2History of U.S. Environmental Policy During the 1800s, people in the United States made use of the country’s vast resources by:turning prairies into cropland, cutting down ancient forests, and hunting several species of animals to extinction.By the 1900s, citizens began to realize the consequences of these actions and their attitudes began to change.
3History of U.S. Environmental Policy Leaders such as President Theodore Roosevelt and conservationist John Muir called for increased protection and management of the nation’s resources.Many national forests and parks, and agencies to manage them, were established around the early 1900s.
4Environmental Agencies and Laws Throughout the 1900s, U.S. citizens became more aware of environmental problems.The first Earth Day, celebrated around the world in 1970, was a sign of widespread environmental awareness.The same year, the U.S. Environmental Protection Agency (EPA) was created.U.S. lawmakers have created many policies and federal agencies to manage environmental affairs.
6Environmental Impact Statements An Environmental Impact Statements (EIS) is an assessment of the effect of a proposed project of law on the environment.Proposals for the construction of dams, highways, airports, and other projects that the federal government controls or funds must be evaluated with an EIS.
7Environmental Impact Statements An EIS states the need for a project, its impact on the environment, and how any negative impact can be minimized.The public can comment on an EIS, their comments may cause changes in the project’s plans.Federal agencies may also conduct an EIS when they plan changes in the regulation of public resources.
8Unfunded Mandates and Economic Impacts In 1995, Congress passed a law to prevent unfunded mandates, which are federal regulations that do not provide funds for state or local governments to implement the regulations.These limits reduce the federal government’s power to pass environmental laws.
9Unfunded Mandates and Economic Impacts The federal government must now provide funding for any new laws that will cost more than 50 million dollars to implement.Another limit placed on federal agencies requires them to evaluate both the economic and environmental impacts of their policies.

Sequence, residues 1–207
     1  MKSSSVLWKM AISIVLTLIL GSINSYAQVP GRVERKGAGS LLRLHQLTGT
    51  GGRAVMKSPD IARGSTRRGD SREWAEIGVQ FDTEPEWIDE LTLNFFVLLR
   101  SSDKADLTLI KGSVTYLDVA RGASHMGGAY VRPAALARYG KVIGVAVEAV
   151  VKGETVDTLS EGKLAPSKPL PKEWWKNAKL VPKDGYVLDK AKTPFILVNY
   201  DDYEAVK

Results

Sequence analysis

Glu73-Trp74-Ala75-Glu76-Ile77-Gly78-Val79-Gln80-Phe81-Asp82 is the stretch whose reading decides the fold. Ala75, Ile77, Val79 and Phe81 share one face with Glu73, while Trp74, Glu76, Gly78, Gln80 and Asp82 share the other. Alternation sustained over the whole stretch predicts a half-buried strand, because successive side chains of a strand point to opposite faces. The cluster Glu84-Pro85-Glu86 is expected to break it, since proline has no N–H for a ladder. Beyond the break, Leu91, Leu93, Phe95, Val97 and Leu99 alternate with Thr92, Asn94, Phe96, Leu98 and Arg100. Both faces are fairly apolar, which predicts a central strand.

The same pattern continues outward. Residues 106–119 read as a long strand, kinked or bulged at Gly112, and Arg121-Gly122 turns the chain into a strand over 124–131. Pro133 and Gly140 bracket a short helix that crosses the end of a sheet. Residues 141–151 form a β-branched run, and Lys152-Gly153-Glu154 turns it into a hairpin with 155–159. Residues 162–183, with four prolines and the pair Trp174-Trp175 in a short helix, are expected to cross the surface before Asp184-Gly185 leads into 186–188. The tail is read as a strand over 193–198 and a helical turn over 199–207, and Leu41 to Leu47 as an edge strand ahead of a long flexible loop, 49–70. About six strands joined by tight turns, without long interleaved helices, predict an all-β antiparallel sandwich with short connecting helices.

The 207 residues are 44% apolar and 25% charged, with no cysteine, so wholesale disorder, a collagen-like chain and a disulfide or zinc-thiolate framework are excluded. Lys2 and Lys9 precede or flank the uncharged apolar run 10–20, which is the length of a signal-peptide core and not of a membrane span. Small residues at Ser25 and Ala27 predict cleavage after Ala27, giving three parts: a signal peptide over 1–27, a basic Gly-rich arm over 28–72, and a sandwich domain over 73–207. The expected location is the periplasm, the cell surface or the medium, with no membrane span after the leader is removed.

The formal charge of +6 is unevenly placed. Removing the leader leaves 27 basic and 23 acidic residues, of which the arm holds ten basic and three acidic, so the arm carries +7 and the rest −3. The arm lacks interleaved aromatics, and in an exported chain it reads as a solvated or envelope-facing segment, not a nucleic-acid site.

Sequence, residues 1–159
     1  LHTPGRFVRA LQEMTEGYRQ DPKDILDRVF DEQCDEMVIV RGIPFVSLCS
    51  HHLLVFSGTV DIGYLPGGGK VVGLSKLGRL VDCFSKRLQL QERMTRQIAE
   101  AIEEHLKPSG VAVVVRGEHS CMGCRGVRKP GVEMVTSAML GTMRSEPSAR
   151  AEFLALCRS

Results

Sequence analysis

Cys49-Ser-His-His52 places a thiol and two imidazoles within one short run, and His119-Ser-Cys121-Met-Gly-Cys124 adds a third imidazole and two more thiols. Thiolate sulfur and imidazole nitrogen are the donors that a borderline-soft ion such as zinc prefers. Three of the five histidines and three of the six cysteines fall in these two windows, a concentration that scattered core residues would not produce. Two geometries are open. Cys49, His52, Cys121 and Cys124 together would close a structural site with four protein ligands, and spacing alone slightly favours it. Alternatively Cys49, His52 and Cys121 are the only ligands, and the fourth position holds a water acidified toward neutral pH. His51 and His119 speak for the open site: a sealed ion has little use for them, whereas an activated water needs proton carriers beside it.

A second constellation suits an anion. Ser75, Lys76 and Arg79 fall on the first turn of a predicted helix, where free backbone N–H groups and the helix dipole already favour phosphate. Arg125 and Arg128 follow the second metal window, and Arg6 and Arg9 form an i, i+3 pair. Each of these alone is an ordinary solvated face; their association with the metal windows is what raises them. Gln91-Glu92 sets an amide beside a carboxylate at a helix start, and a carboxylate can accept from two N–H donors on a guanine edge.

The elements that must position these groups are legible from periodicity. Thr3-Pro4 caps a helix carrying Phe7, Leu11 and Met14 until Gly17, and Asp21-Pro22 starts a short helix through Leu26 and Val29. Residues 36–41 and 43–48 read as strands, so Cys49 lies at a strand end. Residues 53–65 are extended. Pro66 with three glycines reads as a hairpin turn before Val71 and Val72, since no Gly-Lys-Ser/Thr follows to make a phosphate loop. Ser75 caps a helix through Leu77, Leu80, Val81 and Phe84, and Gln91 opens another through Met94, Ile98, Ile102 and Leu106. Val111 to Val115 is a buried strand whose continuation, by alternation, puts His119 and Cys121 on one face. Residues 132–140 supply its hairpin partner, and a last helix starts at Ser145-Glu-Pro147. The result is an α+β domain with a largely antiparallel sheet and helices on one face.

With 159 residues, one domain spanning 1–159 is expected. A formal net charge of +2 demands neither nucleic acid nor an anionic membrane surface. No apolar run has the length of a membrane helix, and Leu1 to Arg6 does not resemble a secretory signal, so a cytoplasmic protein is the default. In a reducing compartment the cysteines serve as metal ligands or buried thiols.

10Influencing Environmental Policy You can have more influence on environmental policy than you may realize.For example, as a citizen, you can contact your elected representatives to tell them your opinion on issues.There are also many other ways that consumers, businesses, the media, and organizations can influence policy at all levels of government.
11Local GovernmentsLocal government is more responsive to citizen input than state or federal government is.Local governments can decide:how land may be used and developed,where businesses and housing may be located,create plans for public facilities, for waste disposal and recycling,and for many other facets of local life.
12State GovernmentsIndividual states are usually free to create laws with higher standards than the minimum standards set by the federal government.For example, California’s vehicle emission standards are higher than the federal standards because the state wants to control its problems with air pollution caused by traffic.States have a lot of independent control over how to implement laws and manage public resources.
13LobbyingLobbying is an organized attempt to influence the decisions of lawmakers.Both environmental and industry groups hire lobbyists to provide information to lawmakers and urge them to vote a certain way.Lawmakers are heavily influenced by lobbying on many sides of issues.One way to influence policy is to support an organization that lobbies for the policies you agree with.
14The Media and Sources of Information The media, especially television news, is the main source of information about environmental topics for most of us.If you want to understand environmental problems, you will want to find information from sources other than popular media.